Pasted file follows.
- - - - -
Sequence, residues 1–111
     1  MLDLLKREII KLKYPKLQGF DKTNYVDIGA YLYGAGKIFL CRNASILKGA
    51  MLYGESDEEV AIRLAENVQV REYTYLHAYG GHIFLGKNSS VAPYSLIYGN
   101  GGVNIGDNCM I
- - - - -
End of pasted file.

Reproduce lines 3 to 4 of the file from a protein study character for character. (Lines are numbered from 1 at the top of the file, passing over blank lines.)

    51  MLYGESDEEV AIRLAENVQV REYTYLHAYG GHIFLGKNSS VAPYSLIYGN
   101  GGVNIGDNCM I